Be smart with phones, use throwaway internet accounts -- and never play the fourth track while driving.

In the wake of Nicky Hager's home being raided to ferret out Rawshark, the hacker who allegedly supplied the emails that led to Dirty Politics, it's become clear that journalists are seen as a source of information by authorities in more ways than one.

What can a journalist concerned about the safety of his/her sources do then, apart from giving up and quitting the job?

There are a few things, actually. Here's a non-comprehensive round of suggestions for journalists wanting to make life a little more difficult for the long arm of the law.

To have or not to have tech?


You need to have technology and use it. That is, use it sensibly. A journalist with no tech sticks out like a sore thumb. Any unusual behaviour like that is enough to mark you as a target.

Use tech for normal day-to-day stuff like everyone else, but be careful not to bring it near your sources. This includes smartphones that can be easily tracked and pinpoint your location - and that of a source - quickly and easily, and for days after the meeting took place.

Similarly, use the internet but make sure to utilise throwaway accounts that are deleted after use and which don't lead back to you.

Never browse sites without Secure Sockets Layer/Transport Layer Security encryption enabled - that padlock in your browser should show up.

Using an anonymising, encrypted service like The Onion Router (TOR) could be good too.

The FBI has been targeting TOR lately however, and it's not the easiest to set up and use.

Get an old banger

Some newer cars have Sim cards in them, just like mobile phones. It means service people and rescue organisations can call you if something goes wrong, but ... the cars can be easily tracked too.


Likewise, Bluetooth signals for wireless connections can be picked up by hidden roadside scanners, and then there's all the electronics in a car.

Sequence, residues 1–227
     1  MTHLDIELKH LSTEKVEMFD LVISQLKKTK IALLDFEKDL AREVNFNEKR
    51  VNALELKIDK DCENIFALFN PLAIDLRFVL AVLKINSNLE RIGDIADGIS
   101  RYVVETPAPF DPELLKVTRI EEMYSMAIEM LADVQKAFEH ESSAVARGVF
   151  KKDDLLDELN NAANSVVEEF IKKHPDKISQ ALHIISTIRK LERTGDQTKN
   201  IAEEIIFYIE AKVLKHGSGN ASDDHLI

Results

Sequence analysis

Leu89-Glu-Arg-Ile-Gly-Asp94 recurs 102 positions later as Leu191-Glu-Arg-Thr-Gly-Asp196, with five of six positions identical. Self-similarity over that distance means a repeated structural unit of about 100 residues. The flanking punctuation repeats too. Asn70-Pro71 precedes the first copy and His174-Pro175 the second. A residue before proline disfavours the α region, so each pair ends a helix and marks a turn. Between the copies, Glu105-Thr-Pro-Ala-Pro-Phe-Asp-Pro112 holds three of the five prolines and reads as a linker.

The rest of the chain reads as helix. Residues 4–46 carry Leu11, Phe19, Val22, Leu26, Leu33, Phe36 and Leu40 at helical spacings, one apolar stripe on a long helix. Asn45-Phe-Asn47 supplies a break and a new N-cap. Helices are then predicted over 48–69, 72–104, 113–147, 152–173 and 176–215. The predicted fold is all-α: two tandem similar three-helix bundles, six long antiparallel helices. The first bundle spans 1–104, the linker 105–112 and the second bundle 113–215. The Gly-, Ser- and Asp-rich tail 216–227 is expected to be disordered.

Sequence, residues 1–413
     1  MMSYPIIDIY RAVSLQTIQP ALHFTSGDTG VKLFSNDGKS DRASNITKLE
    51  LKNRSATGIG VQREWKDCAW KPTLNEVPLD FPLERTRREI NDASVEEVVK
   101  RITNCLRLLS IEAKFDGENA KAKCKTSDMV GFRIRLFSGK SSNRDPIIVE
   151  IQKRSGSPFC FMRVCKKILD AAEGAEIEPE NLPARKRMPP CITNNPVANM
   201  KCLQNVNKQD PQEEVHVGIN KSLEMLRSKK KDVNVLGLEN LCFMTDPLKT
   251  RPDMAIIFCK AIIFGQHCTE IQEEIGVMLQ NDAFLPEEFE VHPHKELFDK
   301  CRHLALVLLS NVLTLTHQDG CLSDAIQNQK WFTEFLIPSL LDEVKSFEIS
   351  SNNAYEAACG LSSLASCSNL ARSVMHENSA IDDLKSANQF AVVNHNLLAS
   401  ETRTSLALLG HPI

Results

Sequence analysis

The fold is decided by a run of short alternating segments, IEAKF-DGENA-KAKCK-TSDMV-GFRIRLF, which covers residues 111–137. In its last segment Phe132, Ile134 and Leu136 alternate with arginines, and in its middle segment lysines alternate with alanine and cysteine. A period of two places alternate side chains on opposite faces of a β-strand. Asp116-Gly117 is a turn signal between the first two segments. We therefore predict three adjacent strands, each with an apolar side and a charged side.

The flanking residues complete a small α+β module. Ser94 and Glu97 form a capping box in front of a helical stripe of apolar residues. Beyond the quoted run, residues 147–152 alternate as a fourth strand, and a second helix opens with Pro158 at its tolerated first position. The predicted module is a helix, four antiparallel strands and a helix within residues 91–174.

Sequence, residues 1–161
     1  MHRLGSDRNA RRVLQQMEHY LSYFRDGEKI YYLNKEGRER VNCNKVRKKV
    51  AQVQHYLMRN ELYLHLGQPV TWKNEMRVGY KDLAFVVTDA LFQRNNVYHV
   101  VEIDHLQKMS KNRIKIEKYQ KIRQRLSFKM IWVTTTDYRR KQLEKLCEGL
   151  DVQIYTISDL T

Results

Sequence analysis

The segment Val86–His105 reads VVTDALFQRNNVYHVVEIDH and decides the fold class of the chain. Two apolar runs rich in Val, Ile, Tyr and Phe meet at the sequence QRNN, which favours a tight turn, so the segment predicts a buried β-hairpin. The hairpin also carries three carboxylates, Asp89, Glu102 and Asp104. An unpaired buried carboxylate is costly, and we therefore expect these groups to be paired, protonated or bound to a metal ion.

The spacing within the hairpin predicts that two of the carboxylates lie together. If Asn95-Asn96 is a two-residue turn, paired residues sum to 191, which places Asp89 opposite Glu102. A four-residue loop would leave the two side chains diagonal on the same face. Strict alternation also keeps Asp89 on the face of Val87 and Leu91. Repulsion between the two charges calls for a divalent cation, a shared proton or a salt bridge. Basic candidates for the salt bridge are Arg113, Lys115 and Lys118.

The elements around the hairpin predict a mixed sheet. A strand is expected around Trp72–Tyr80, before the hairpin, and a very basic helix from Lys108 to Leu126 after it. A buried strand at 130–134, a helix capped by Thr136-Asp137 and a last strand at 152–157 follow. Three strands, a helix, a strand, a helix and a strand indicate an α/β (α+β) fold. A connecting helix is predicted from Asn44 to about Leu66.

Once you learn that researchers at the University of San Diego were able to record a special music file on to a CD which when played switches off the car's brakes, well ... you'd be happier with a very manual, low-tech car (see:

I never play the fourth song on any album while in the car these days.

Careful with cameras

Pictures literally say more than words in the digital age. Smartphones and a number of cameras these days have a global positioning system (GPS) receiver that will work out the exact location within a few metres accuracy.

That information can be recorded into metadata in images, providing a rather useful hint as to where they were taken.

Not only that, having images in digital format makes it much faster to analyse them quickly to reveal things that should stay secret.

Scramble the lot

Email traffic is starting to become encrypted by sending and receiving servers, although you usually have to enable it yourself manually. Your ISP will tell you how.

Without that encryption, you are essentially sending potentially sensitive information over an open communications network that just about anyone along the path can listen into. A bit like writing it down on postcards, thinking nobody will read them.